IMPACT OF DUAL CHALLENGE OF LIBYA AND DEFENCE CUTS ON UK INDUSTRY SET OUT
05 Jul 11. UK’s national trade association head looks to uncertain future for world-leading British sector
Ian Godden, Chairman of A|D|S, the UK’s aerospace, defence and security trade organisation today (Tuesday) addressed a joint Royal United Services Institute (RUSI) and Defence Industries Council (DIC) event “The Libya Dimension – Implications for UK Defence Policy and Support from Industry”. Also speaking at the event at RUSI in Whitehall, London were Con Coughlin, Executive Foreign Editor at The Daily Telegraph and Professor Gwyn Prins, Director, Mackinder Programme for the Study of Long Wave Events at the London School of Economics.
On industry’s role in Libya Mr Godden said, “Like most others, the UK’s intervention in Libya came as a surprise to the defence industry. In terms of support to the Armed Forces all I need to say is that UK Trade and Investment’s Defence and Security Organisation made it clear that industry’s response to this crisis has been ‘phenomenal’. The question we need to ask ourselves now is would the Government have been able to commit to such an urgent and unexpected humanitarian and military mission if it did not have a UK-based defence industry to support the Armed Forces?”
Mr Godden addressed the impact of last year’s Strategic Defence and Security Review on industry to date by saying, “The impact has varied across industry, and has been relatively muted to date as there are still decisions that the Government has yet to take. There is an expectation of greater job losses in the next 2 to 3 years and broader uncertainty has not gone away. Industry needs a clear signal from Government as to what its priorities are and how they will translate into requirements. This will guide industry’s own investment decisions. To date there has been a signal but no clear programme that flows into a plan of action. The sooner, clearer and more affordable the Government’s programme is, the more effectively industry can continue to support our Armed Forces and national security more widely. Industry is hoping to get more certainty from the Defence and Security Equipment, Support and Technology White Paper due in the autumn.”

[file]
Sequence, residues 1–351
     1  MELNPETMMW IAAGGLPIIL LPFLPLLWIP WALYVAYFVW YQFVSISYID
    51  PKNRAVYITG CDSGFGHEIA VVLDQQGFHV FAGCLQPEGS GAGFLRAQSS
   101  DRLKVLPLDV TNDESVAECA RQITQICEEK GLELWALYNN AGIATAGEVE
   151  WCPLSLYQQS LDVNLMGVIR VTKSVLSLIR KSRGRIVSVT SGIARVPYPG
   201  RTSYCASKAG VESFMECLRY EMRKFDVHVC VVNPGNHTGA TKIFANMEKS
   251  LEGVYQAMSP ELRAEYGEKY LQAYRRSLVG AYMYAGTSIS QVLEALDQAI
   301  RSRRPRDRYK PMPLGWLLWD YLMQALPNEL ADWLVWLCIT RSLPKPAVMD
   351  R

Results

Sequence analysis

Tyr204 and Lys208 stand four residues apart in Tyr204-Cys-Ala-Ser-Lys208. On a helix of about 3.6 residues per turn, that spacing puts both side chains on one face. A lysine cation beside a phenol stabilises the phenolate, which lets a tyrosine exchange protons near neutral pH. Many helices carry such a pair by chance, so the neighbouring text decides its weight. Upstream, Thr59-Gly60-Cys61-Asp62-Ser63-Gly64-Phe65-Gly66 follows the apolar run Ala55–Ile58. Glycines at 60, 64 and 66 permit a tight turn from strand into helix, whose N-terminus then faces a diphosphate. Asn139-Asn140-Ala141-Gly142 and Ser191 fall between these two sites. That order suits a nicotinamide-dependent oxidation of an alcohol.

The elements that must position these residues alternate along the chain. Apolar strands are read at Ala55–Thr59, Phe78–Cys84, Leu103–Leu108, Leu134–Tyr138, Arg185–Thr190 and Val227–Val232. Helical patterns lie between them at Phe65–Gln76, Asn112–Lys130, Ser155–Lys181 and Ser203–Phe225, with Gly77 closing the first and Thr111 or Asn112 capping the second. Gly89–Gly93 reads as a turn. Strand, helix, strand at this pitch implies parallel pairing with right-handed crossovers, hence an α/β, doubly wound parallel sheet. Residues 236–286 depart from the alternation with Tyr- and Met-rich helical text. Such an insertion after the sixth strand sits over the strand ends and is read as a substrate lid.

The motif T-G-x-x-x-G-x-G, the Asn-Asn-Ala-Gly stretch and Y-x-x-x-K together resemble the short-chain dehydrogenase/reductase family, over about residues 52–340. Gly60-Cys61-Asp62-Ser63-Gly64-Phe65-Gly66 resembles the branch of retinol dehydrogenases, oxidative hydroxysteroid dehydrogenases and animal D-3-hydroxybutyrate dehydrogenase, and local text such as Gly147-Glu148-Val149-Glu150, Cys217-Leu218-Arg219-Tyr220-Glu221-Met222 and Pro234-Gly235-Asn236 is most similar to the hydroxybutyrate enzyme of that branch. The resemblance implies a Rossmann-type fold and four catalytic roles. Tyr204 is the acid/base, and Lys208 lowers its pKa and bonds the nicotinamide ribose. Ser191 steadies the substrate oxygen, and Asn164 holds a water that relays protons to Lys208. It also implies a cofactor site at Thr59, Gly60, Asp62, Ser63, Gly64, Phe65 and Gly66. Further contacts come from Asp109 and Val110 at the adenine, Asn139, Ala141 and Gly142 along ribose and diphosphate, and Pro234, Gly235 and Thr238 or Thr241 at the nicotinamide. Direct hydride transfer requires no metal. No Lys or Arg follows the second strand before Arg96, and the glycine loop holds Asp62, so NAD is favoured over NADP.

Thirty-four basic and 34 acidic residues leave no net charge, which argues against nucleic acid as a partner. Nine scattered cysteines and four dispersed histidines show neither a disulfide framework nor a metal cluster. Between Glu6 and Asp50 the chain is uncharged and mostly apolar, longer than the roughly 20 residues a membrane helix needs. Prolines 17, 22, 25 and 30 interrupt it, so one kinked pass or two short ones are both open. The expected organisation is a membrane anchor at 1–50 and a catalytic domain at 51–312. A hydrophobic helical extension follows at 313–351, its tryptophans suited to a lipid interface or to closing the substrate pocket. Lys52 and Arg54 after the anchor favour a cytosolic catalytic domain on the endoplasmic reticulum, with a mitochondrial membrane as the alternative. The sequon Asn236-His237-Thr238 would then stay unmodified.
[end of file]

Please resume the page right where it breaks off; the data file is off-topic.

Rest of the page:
Mr Godden laid out the industry’s needs from the forthcoming White Paper on defence and security,”Our own priorities for the White Paper can be boiled down to three. First, reform of the MOD and the introduction of a balanced budget. Second, support for exports and finally Government recognition of the importance of technology and, in line with this, continued funding of research and technology in the UK.”
On reform of MoD Mr Godden said, “Last week Lord Levene set out the key reforms to the structure of the MOD. Industry welcomes these changes as we believe that they will lead to a leaner and fitter partner that is better able to make the critical decisions. MoD must possess the skills and resource to be an intelligent customer, buying in independent help from industry where appropriate. It must also take full advantage of the opportunities for savings and increased competition that outsourcing offers to have non-fighting tasks undertaken by the private sector including support in-theatre.
“Industry recognises that Government wants and needs to balance its books. We fully support the MoD in its drive to develop a balanced and affordable equipment programme, but this has to be based on realistic cost forecasts. This is urgent: the sooner this is achieved the better and industry will be able to plan its own investment to support the Armed Forces and the needs for Future Force 2020 and beyond. While we remain in a moratorium with uncertainty over when there will be headroom for future spending, capability is drifting away from the UK, damaging our strategic and economic interests.
“The concern is that in trying to achieve better value for money, we have detected that MoD’s attitude t